Child protection inquiry's examination of Heiner Affair likely to call Kevin Rudd, Wayne Goss as witnesses
1st November 2012
2nd November 2012
FORMER Prime Minister Kevin Rudd may join old colleagues from the Goss Government on the witness stand over the summer break as one of Queensland's most enduring conspiracy theories - the "Heiner Affair" - gets another examination.
The $9 million child protection inquiry announced this morning that it will spend much of December and January examining allegations of abuse in state-run youth institutions stemming back nearly one quarter of a century.
With more than 100 witnesses listed to appear it is expected Mr Rudd, who was a senior public servant in the Government of Labor Premier Wayne Goss, will be called to give evidence, along with Mr Goss himself.
The Heiner affair refers to the 1990 shredding of evidence into 1988 child sex abuse allegations at the John Oxley Youth Detention Centre at Wacol.
Magistrate Noel Heiner began receiving evidence into allegations of sex abuse in 1989 after being appointed by former National Party police minister Russell Cooper.
The allegations stemmed from the pack-rape of a 14-year-old girl by inmates of the John Oxley Youth Detention Centre during an excursion to Mount Barney in 1988.
When the Goss Government was elected it received Crown Law advice the inquiry was not properly constituted and shredded documents related to the matter.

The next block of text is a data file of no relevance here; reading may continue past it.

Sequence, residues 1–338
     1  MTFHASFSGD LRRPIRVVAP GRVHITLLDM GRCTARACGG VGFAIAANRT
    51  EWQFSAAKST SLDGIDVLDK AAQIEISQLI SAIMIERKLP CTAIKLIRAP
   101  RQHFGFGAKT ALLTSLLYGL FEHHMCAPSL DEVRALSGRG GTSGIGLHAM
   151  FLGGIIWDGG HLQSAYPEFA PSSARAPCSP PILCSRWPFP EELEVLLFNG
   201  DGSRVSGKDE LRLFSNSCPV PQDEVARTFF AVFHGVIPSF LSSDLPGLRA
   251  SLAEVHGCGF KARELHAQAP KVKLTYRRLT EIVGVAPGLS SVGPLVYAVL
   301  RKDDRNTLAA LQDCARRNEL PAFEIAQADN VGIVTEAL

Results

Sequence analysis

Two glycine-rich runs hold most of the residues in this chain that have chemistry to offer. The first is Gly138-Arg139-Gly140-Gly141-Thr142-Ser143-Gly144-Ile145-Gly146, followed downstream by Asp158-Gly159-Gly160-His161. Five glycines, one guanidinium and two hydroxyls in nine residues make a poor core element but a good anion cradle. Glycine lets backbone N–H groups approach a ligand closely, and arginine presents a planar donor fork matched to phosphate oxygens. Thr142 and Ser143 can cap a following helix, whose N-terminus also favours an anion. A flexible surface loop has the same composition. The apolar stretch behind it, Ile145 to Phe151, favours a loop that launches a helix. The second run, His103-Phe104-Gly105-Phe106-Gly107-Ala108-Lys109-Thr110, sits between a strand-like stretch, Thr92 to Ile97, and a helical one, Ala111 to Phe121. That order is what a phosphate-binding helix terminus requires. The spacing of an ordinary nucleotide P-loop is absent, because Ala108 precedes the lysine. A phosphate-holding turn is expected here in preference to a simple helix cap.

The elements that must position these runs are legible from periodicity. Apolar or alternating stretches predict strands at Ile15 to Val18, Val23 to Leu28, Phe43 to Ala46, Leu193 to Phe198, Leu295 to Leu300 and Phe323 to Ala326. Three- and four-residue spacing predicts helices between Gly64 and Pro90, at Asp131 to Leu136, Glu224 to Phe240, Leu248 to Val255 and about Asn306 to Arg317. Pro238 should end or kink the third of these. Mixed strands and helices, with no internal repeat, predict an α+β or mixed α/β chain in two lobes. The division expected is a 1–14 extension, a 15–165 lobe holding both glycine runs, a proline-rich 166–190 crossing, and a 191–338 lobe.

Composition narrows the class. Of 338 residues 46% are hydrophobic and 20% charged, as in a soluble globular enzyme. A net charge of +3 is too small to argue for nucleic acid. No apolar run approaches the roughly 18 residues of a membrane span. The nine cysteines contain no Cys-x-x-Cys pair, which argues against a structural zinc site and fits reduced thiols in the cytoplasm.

Since then numerous inquiries have taken place, with former Queensland Professional Officers Association official Kevin Lindeberg among the key figures alleging serious misconduct at high levels of government.
The inquiry will hear evidence from more than 90 people in December, most of them employees or those with some association with the John Oxley Centre in the late 80s and 90s.
The inquiry will also take evidence for a fortnight from January 22 from between 20 and 30 people who worked for the state of Queensland.
The witness list yet to be made public is likely to include Mr Rudd and Mr Goss, possibly with other members of the Goss Labor Cabinet.
The woman who was attacked as a 14-year-old will also have a legal representative.
The inquiry's specific terms of reference on the matter are to "review the adequacy and appropriateness of any response of, and action taken by, government to allegations - including any allegations of criminal conduct associated with government responses - into historic child sexual abuse in youth detention centres".
The child protection inquiry is set to resume Monday, hearing evidence unrelated to the Heiner Affair.